In accordance with yet another embodiment of the present invention, the cable 17 or 17' includes one or more metal tubes 29 which form the cable's central core 31. Preferably, the tube or tubes 29 are wrapped by a helically wound stiff wire, metal tape or band 81 to serve as a bedding for the wire strands 83,85 of a contrahelically wound wire rope 87 of the cable. Where more than one tube is used, as shown in FIG. 4 for example, the tubes are preferably helically twisted together. The wire rope 87 acts as armor to provide abrasian protection and to carry most of the cable's load to permit the use of flexible tubes having very small diameters. Thus, it can be seen that the corrosion and pressure resistant metal tubes 29 form a hermetic block to the fluidic environment of the well. It has been determined that an OD under 3/16 inch of this cable care has enough flexibility to permit construction of a cable compatible with practical winch and sheave diameters. Construction of such wire rope tube-carrying cable 15,000 feet or more in length can be achieved using existing tube and wire rope manufacturing technologies. Further, small, all metal pressure regulator valves for expansion control and exhaust pressure control which can reliably operate at the temperatures and pressures required, have been developed.
In addition to solving the high temperature insulation problems, the metal tubing also provides a convenient interface with the cable head/sonde which can actually be welded in place to the cable head or incorporate a swage tube fitting to form an excellent high temperature/pressure seal.
Referring now to the passive evaporation system 93 illustrated schematically in FIG. 5, it can be seen that the cartridge 27' contains the passive working fluid 72 which surrounds the payload 65 and which exhausts, as in the embodiment of FIG. 2, through the regulator valve 73 to the surface through the exhaust tube 70. This system may also include a non-volatile heat sink mass, and the payload may or may not include a communication link to the surface.
From the foregoing, it can be seen that there has herein been described a highly advantageous well logging evaporative thermal protection system including a downhole evaporative thermal protection cartridge disposed within a well logging sonde or tool to keep a payload such as sensors and support electronics cool, the cartridge carrying either an active evaporative system for refrigeration or a passive evaporative system, both exhausting to the surface, preferably through an armored flexible fluidic communication mechanical cable.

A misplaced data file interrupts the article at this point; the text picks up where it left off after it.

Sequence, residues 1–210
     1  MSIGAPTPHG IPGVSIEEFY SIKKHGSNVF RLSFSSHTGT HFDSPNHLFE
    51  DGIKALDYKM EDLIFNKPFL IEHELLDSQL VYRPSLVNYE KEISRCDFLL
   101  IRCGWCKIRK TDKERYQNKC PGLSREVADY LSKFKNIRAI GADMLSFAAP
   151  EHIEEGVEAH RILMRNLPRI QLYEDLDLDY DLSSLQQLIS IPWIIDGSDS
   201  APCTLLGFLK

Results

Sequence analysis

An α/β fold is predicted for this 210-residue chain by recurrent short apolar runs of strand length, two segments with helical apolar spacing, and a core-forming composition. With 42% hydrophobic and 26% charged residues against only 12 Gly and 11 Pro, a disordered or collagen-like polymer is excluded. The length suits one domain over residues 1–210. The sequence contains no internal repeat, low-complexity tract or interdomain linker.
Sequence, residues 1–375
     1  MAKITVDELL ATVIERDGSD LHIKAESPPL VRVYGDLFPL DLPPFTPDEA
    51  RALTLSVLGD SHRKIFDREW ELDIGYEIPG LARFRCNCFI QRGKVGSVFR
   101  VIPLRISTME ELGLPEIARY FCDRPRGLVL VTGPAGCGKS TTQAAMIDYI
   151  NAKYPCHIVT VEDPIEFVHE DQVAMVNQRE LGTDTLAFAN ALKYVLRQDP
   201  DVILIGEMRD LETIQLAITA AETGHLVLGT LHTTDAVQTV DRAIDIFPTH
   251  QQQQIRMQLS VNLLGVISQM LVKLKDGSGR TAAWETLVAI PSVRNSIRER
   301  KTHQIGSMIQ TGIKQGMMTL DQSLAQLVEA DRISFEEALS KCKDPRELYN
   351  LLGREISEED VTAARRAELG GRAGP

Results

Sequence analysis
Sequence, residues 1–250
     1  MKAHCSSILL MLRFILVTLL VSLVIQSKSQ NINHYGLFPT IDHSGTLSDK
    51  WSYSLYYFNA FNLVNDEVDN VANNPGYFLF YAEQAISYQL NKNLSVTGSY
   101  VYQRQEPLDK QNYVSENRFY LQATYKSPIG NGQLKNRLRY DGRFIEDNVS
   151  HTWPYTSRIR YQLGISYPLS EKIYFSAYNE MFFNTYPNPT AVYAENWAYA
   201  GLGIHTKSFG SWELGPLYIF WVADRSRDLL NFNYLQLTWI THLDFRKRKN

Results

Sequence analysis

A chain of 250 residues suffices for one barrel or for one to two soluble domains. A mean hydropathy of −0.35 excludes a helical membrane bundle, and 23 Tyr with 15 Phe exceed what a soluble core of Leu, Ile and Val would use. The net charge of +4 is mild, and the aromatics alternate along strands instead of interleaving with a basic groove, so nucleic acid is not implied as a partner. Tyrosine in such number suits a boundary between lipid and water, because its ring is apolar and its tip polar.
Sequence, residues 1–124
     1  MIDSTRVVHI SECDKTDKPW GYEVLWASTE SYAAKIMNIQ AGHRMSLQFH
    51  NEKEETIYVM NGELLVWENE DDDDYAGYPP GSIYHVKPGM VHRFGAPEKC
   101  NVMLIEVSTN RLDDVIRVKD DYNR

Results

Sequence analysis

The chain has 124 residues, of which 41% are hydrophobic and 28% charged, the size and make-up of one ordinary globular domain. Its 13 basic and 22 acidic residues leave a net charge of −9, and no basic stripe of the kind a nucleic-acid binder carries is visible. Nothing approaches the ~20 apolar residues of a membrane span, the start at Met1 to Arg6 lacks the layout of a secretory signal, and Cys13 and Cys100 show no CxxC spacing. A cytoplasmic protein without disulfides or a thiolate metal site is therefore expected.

It should be understood that the materials used to fabricate the various embodiments of the invention are presently available and any material exhibiting similar desired characteristics may be substituted for any material mentioned. For example, it should be understood that although water is specifically identified as a presently preferred working fluid, other liquids with similar high temperature thermodynamic characteristics may be utilized in the invention.
The systems described herein are designed to maintain the payload at below a maximum temperature for a given heat load, i.e., payload heat dissapation plus heat transfer through the dewar/cartridge 27. Analysis and design have been performed to establish operation of these systems at payload temperatures and heat loads within practical limits maintaining payload temperatures at less than 190 degrees centigrade and with heat loads of about 150 Btu/hour in a 14,000 foot deep well with well temperatures ranging from 250 to about 375 degrees centigrade and with exhaust tube OD's of less than 0.15 inch (ID less than 1/8 inch).
Although the present invention has been shown and described with reference to particular embodiments, nevertheless, various changes and modifications which are obvious to persons skilled in the art to which the invention pertains are deemed to lie within the spirit, scope and contemplation of the invention.
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|U.S. Classification||166/57, 138/134, 166/302, 138/111|
|International Classification||E21B47/01, E21B36/00, F25D15/00, F25D7/00|
|Cooperative Classification||F25D7/00, F25D15/00, E21B47/011, E21B36/003|
|European Classification||E21B47/01P, E21B36/00C, F25D15/00, F25D7/00|